Entrance to Palace Museum, Al Ain, Ancestral Home of the Ruling Family of Abu Dhabi
Camels and Skyscrapers
As the plane descended, I looked down onto the aquamarine waters of the Arabian Sea and desert along the shore. Then, as we circled toward the airport, buildings, roads, and neatly planted date orchards came into view. At one point we appeared to fly over a camel market. Soon the roads and buildings became more and more dense and we passed over housing developments and shopping malls. In the distance, I could see skyscrapers. We were getting ready to land in the United Arab Emirates, a country that in just fifty years has transformed itself from a tiny desert outpost to a land of gleaming modern metropolises.
I had never been to the Middle East before, and the plane trip, from LAX to Dubai, was the longest I had ever experienced (16 hours). When we landed, we were half-way around the world. The twelve hour time difference meant that I didn’t even have to change my watch! We were met by a representative from the conference my husband was attending, escorted through the super-sized terminal and then driven to Abu Dhabi, the other major city in the U.A.E. (In the UAE, it is preferable to be driven than to drive yourself.)
View from our room of the entrance to the Emirates Palace Hotel, with the Etihad Towers, a new hotel and business complex under construction in the background
The Most Expensive Hotel in the World
In Abu Dhabi, the conference was held at the luxurious Emirates Palace Hotel, by far, the most lavish hotel I have ever seen. It made me feel as if I had landed in a chapter of the Arabian Nights by mistake. (Luckily for us, our rooms were paid for as part of the conference.) Featuring gold covered ceilings, multiple five star restaurants, high-end shops, a private beach, two giant swimming pools, and more, it was so big, that one day after lunch I got lost on the way back to our room. For photos and more details about the over the top luxury at the Emirates Palace, read this article in the Sydney Morning Herald.
Camels on the beach in front of the Emirates Palace Hotel
But I didn’t really want to feel as if I’d flown half way around the world to spend a week in a fancy, land-bound cruise ship. I wanted to see what the U.A.E. was like outside the hotel. In preparation for the trip, I had read Diamond in the Desert: Behind the Scenes in Abu Dhabi, the World’s Richest City by Jo Tatchell, who had lived in Abu Dhabi as a child, when it was still largely undeveloped. It helped me to get a sense of where the UAE had come from and where it is today. I highly recommend it.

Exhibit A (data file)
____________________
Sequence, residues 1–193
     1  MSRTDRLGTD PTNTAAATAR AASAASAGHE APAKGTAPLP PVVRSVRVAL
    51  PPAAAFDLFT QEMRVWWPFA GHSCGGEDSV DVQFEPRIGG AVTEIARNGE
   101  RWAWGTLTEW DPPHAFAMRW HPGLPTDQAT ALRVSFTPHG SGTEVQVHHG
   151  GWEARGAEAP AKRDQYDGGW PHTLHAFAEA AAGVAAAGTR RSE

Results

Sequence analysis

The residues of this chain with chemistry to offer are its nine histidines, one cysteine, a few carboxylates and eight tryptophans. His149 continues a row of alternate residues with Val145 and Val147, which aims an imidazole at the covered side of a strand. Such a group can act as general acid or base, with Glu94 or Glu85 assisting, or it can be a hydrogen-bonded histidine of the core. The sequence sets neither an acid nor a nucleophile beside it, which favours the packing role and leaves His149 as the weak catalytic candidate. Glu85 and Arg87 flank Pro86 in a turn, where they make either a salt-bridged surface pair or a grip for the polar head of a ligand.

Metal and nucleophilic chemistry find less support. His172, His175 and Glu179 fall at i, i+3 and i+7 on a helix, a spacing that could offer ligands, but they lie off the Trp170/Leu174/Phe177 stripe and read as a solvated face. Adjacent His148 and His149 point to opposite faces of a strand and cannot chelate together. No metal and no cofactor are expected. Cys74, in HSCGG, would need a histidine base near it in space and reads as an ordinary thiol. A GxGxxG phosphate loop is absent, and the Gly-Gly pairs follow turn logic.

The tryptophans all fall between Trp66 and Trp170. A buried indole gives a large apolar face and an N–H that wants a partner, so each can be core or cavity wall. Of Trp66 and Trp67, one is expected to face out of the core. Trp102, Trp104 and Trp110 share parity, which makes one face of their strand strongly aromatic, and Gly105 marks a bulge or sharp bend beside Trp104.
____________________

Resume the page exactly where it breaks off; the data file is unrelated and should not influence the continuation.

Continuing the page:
"Hinna" was and still is the most elegant traditional cosmetic used by women in the UAE. The UAE motifs can be distinguished from decorations of other regions in the gulf. The process includes drying the leaves, crushing and making the paste. Special containers were used to keep the mixture. (Exhibit in museum at Heritage Village)Most of Abu Dhabi’s past has been bulldozed over. However, one place you can get a sense of local history is at the Heritage Village where there are reconstructions of typical Bedouin tents and houses, live camels, and a small museum displaying traditional clothing, jewelry, household items, etc.
A Country of Superlatives
Sheikh Zayed Grand Mosque, Abu Dhabi. Can accommodate 22,000 worshipers. It is the largest mosque in the world.Financed by the oil industry, development in the U.A.E. has proceeded at a frenetic pace (the country feels like one huge building site.) Everything is over the top. The country boasts the tallest building, the largest mosque, the biggest shopping mall, the largest dancing fountains, the most expensive hotels. A whole museum complex is being built that will include a satellite Louvre and Guggenheim plus two other museums. (Models are displayed at the Emirates Palace.)